My grandfather’s hands


For Tara

My hands are somehow rougher
than I expected them to be when I
was young and
scared of my grandfather’s
calloused fingers. I did not foresee mine
splashed with scars I cannot trace that
race from pointer
to the thumb; and flecked
with paint stains
that grow, only
grow, over
the perpetual layer of
long days my fingers trace
through yours. Your hands
play songs through mine when
my joints ache too hard
to percussion themselves off
your linen shoulder. Your hands
smooth my scars out. Iron them
back into accidents, and then
away completely.
You wash the long days off me.
You turn my trembling cacophony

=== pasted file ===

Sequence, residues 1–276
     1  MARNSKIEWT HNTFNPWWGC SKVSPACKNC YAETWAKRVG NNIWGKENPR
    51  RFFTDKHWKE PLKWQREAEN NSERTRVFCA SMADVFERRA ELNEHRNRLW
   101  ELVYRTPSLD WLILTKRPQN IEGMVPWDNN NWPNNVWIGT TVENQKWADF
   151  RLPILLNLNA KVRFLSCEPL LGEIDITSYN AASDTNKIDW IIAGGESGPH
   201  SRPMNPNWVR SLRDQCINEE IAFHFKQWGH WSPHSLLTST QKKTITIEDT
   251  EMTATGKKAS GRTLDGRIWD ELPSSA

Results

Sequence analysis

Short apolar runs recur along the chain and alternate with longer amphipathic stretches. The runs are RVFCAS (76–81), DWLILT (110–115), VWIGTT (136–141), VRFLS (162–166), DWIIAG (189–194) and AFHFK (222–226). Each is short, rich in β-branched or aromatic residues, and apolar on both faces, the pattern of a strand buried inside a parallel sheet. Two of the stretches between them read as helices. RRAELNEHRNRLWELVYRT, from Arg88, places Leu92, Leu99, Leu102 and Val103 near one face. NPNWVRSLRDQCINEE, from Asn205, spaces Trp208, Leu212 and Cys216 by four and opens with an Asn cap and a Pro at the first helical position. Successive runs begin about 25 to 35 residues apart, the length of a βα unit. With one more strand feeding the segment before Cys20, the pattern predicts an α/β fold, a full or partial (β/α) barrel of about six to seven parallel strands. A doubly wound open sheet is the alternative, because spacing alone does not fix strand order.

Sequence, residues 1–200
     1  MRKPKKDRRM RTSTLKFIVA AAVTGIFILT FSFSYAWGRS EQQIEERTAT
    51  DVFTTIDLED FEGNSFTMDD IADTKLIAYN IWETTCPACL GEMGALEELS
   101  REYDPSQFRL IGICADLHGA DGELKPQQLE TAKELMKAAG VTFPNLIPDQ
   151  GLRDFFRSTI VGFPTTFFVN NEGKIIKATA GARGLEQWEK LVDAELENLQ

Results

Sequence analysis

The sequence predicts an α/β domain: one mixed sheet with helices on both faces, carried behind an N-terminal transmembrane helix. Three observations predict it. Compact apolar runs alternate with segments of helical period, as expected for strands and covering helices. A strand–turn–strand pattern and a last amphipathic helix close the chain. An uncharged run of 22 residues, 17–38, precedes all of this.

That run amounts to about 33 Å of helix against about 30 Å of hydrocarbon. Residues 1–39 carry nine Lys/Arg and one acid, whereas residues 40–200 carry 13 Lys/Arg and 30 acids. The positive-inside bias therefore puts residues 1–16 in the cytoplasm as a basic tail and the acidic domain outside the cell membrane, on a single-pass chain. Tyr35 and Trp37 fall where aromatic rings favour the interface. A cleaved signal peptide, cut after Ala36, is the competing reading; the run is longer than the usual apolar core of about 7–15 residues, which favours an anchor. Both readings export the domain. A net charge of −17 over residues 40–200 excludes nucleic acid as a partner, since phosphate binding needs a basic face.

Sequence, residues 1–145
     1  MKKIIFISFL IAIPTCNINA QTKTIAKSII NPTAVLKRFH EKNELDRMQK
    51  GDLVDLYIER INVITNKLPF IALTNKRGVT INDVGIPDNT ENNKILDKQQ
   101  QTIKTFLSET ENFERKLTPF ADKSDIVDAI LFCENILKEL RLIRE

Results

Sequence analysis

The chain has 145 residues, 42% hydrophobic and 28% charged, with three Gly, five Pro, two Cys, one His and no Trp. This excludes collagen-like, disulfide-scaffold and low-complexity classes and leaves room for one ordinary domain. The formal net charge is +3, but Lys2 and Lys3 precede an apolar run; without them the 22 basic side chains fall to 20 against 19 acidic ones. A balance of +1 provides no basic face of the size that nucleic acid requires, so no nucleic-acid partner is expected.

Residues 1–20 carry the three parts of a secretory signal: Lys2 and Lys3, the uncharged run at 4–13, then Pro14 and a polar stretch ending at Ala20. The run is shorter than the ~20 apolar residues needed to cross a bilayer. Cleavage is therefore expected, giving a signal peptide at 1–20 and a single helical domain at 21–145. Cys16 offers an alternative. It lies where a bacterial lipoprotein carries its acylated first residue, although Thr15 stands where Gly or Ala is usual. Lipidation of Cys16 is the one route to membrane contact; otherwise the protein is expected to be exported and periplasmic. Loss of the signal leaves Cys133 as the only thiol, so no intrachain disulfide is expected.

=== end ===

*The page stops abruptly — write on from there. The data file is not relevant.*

percussion fingers into
piano keys.
You take my paint stains
and give them shape
and stories; I can’t name them
“stain” anymore
when you kiss them.
You have made an art form
out of sculpting
my reddened knuckles
my calloused palms into
the same hands my
grandfather once used
to build his wife a home.
You’ve sculpted a man
out of these hands with
your own.

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